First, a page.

WITH the price of Jet fuel at an all time high, airlines are finding it difficult to get the product for their operations and this has introduced further delay in the system.
Some airlines have had to delay flights while others cancel in a bid to combat the challenges they face.
As of today, Jet A1 also known as Aviation Fuel sells for N725 in Lagos, N740 in Abuja and N745 in Kano while other marketers have sold for N650 and N700 making the reach of the product near impossible and causing many airlines to go on panic mode in a bid to satisfy their passengers, some of whom have booked long before.
This staggering cost daily for certain airlines combined with the lull in passenger traffic and other factors is causing fears as airlines say they cannot break even under the current circumstances.
A typical one hour Lagos to Abuja flight using the Boeing 737-Classic is about 4500 litres give or take for the one leg flight and Nigerian airlines still use a lot of that aircraft type as it is yet to be completely phased out.
Meanwhile, some airlines in the country use as high as 80,000 litres for their operations daily while others use as much as 180,000 litres and above., all depending on their level of operations.
This brings fuel consumption at N715 litres for the 80,000 litres to N57,200,000 in Kano where the product sells for N745/ litre that same airline with same usage will spend N59, 600, 000 averagely every day.
On the same parameters, fuel consumption for the 180000 litres daily at N715 cost the airline N128, 700, 000 while at N745 the airline spends at least N134, 100, 000 daily.
Very recently, Ag. Secretary Aviation Fuel Market Association of Nigeria (AFMAN), Engr. John Adewole Abegunde argued on behalf of his association that Jet fuel be fully deregulated and called on the government to hands-off from all commercial related issues with regards the product.
This may have sparked off the statement credited to the airline Operators of Nigeria at the just concluded FAAN National Aviation Conference ( FNAC), who alleged three members of their ranks may soon go under, even then the price of Jet fuel sold for N607/litre.
They agreed that there is a global rise in the cost of the product but that Nigeria’s case becomes peculiar due to the weaker naira against the dollar..
However other oil- marketers have expressed opinions too as Major Oil Marketers Association of Nigeria ( MOMAN) Executive Secretary and Chief Executive Officer, Mr. Clement Isong said the challenge is two-pronged as forex to get the product is high and prices in the international market are high due to the Russian/Ukraine War.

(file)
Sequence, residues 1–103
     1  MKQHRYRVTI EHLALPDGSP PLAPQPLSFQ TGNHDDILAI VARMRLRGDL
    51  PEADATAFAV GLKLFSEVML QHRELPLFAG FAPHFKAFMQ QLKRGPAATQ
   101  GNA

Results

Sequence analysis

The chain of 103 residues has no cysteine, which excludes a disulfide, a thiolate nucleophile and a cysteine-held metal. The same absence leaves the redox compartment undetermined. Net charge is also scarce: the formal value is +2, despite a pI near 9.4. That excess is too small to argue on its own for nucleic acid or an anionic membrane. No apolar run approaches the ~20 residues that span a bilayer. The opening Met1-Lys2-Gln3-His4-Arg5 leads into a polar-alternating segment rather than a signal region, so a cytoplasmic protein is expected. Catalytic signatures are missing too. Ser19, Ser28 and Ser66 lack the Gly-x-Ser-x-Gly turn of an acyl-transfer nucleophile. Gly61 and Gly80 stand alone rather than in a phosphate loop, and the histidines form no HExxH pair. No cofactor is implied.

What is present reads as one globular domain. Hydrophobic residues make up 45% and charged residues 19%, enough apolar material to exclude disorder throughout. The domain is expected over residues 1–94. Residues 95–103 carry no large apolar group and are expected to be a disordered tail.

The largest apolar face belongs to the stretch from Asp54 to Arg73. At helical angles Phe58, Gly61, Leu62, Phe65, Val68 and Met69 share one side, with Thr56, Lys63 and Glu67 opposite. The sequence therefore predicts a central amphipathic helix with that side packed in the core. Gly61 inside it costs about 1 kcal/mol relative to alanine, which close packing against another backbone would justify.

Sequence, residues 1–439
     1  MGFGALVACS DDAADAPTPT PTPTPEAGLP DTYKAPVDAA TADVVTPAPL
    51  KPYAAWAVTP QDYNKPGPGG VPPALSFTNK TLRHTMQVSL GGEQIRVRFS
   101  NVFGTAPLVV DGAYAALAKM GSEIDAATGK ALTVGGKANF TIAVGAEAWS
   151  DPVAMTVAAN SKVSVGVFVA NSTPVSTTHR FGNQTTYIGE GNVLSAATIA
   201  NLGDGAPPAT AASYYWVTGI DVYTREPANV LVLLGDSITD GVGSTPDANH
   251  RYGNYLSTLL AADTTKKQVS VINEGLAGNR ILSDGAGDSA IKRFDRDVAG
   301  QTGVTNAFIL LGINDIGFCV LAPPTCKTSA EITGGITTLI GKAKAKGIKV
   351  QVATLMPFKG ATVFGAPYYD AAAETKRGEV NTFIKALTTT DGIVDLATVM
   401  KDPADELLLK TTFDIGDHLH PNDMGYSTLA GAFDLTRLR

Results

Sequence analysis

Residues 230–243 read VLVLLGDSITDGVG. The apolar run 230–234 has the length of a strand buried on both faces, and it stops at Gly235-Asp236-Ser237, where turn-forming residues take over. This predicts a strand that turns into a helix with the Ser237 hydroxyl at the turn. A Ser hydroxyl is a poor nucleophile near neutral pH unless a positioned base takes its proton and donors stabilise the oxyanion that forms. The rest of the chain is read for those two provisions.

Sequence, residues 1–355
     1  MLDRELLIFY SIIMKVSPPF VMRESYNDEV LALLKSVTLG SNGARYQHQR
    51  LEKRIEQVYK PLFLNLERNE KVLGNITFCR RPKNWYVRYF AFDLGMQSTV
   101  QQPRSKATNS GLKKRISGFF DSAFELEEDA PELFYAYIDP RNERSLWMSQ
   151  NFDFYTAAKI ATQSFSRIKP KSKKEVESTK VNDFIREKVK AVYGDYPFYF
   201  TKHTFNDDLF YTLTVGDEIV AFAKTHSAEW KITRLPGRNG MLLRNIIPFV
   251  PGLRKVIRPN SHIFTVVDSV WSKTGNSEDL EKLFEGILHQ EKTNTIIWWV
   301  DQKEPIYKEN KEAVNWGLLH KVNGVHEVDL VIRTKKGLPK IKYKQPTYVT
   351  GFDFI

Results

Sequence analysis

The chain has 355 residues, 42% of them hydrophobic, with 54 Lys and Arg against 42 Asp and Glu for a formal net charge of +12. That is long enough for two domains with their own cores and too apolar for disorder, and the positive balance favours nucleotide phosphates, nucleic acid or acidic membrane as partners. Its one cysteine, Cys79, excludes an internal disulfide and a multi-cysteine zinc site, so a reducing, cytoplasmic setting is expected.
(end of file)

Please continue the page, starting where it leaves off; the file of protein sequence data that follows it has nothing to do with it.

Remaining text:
He however surmised that apart from pricing, availability is also determined by business relationships between airline and marketer stressing that various airlines have different payment history and that while som pay ontime, there are others with a history of indebtedness and those who pay up on time on their credit are likely to receive favourable terms from their suppliers against airlines who owe.
Despite fuel pricing and availability, the fact that other fixed costs of these airlines from staff remuneration to schedule maintenance of equipment must be met have the airlines at sixes and sevens regards the issue of Jet A1.
The major question now is, as cost of jet A1 continues to gallop and prices of tickets remain the same, how do the airlines cope, knowing full well that a further increase in the ticket price may affect the ticket?
Recall, sometime in February, domestic airlines in Nigeria jacked up airfares over an100% as prices of economy class tickets now range from ₦50,000 and above all because of the same Jet A1 cost and availability, access to forex and other sundry reasons..
Tickets that hitherto sold from ₦27000- ₦29000 above doubled even then when the price of aviation fuel used to cost N410 in Lagos, N422 in Abuja and Port Harcourt and N429 in Kano per litre and the dollar, which sold for N580 and was as usual, in short supply.
So the burning issues remain, what will be the next move for airlines? And at a period like this when the government is planning on floating its own airline, would it be willing to let airlines go under and countless jobs be lost before it tries to arrest the situation? Or will said airline become operational under these circumstances?
As the days go by, it becomes harder to tell if the aviation industry in Nigeria will not buckle under all the pressure it is currently bearing.